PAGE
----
The barometer, which leading private market assets secondaries group Coller Capital has been undertaking since 2004, provides a twice-yearly snapshot of worldwide trends in private equity – based on the opinions of 110 leading LPs based in North America, Europe, the Middle East, and Asia-Pacific.


In the latest Summer 2022 edition, LPs were surveyed for their views on a diverse range of issues including: private equity versus public equity portfolio performance; expected future returns and allocations; the role of ESG as a value driver; reputational risks arising from activist and media campaigns; the outlook for private credit amid rising interest rates; and exposure to cryptocurrencies and the metaverse.


On performance, more than 70 per cent of LPs report that their private equity portfolios have outperformed their public equity holdings since the global financial crisis (GFC) – with only 14 per cent reporting the opposite.


Indeed, the poll shows that private equity returns are at near-record levels. More than 40 per cent of investors reported net annual returns of more than 16 per cent across the lifetime of their private equity portfolios – a figure only exceeded once before in the history of the barometer, in the summer of 2007 leading up to the GFC – while most LPs would achieve their private equity return targets if all their funds achieved only the median performance for their fund cohort in their respective vintage years.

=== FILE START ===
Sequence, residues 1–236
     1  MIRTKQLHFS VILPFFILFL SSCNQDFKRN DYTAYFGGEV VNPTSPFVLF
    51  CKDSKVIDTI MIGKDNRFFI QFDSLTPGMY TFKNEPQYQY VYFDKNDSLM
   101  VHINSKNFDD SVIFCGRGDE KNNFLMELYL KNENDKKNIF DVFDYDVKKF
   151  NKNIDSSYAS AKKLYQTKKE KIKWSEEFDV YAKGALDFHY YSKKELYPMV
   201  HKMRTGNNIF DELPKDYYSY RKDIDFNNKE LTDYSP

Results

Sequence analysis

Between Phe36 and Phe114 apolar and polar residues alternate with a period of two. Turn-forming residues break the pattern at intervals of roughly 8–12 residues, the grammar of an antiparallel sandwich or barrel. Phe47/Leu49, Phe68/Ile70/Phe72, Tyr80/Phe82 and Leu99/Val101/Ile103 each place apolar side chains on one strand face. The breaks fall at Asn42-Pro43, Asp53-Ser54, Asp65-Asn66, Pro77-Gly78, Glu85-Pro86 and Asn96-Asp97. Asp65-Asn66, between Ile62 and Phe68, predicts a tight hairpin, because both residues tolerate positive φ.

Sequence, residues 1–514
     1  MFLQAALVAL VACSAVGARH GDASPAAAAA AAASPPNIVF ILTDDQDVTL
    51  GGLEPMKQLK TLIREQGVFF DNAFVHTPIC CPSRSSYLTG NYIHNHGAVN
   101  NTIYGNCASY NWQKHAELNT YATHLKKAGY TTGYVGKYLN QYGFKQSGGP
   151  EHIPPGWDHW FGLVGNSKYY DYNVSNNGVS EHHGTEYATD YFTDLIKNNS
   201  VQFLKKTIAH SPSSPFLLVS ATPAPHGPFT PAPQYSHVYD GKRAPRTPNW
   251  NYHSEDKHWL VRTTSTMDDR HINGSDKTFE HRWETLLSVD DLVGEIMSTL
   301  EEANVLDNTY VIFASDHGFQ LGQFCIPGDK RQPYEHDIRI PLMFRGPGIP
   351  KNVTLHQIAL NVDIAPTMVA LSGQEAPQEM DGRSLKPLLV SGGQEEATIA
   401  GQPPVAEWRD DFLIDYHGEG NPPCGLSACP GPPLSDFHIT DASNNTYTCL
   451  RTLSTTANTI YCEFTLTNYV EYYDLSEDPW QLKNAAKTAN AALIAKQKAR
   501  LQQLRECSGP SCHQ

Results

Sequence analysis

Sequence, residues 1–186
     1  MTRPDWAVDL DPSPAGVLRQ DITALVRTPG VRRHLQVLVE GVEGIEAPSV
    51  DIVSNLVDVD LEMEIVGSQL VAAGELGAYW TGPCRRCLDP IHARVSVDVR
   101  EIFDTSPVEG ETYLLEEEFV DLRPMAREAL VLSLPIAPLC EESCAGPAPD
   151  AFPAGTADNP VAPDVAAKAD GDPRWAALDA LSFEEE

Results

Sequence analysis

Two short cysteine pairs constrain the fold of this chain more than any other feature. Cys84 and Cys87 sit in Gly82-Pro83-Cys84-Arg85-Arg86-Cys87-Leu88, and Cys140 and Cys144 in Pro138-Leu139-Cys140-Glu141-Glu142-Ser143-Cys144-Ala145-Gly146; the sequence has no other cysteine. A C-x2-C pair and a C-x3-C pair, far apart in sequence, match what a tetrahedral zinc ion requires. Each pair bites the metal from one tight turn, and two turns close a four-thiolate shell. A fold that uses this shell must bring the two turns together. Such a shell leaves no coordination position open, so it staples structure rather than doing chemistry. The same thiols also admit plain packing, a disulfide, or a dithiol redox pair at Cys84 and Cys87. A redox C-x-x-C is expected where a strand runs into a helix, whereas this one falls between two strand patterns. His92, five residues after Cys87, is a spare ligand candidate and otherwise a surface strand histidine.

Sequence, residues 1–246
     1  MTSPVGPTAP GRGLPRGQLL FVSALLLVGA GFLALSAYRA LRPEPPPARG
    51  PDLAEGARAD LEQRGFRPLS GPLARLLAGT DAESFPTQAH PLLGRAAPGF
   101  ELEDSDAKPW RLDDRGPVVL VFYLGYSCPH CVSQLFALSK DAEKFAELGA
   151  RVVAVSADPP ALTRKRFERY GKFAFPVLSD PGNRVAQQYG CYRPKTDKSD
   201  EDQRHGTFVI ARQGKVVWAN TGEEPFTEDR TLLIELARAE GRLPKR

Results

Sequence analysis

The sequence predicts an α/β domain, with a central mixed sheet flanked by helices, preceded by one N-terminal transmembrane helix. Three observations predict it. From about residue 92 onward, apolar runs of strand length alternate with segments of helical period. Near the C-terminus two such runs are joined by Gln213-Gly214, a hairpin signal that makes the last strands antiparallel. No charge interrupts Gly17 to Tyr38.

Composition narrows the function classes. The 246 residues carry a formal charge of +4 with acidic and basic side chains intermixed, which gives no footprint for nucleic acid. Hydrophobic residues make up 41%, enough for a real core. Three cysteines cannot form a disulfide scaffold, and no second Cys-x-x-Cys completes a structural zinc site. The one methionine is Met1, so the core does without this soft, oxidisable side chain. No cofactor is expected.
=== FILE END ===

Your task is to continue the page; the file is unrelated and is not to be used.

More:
In terms of allocations over the next 12 months, half of LPs plan to increase their overall target allocations to alternative assets – as opposed to only 5 per cent of LPs who plan to reduce their alternative asset allocations.


Infrastructure, real estate, private equity, and private credit all saw significant proportions of LPs planning to increase their target allocations in the next year – while the only area where LPs see reductions is hedge funds, with 40 per cent saying they intended to reduce target allocations over the next 12 months, versus only 14 per cent who plan to increase allocations.


Furthermore, as regards private equity specifically, more than 50 per cent of investors have increased their target allocations to private equity over the past two years, with only 10 per cent reducing their allocations.


On ESG, meanwhile, two-thirds of LPs worldwide believe that ESG adds value in private equity investing – both through effecting proactive, positive change to portfolio companies, and also through the exclusion of high-risk investments and business practices.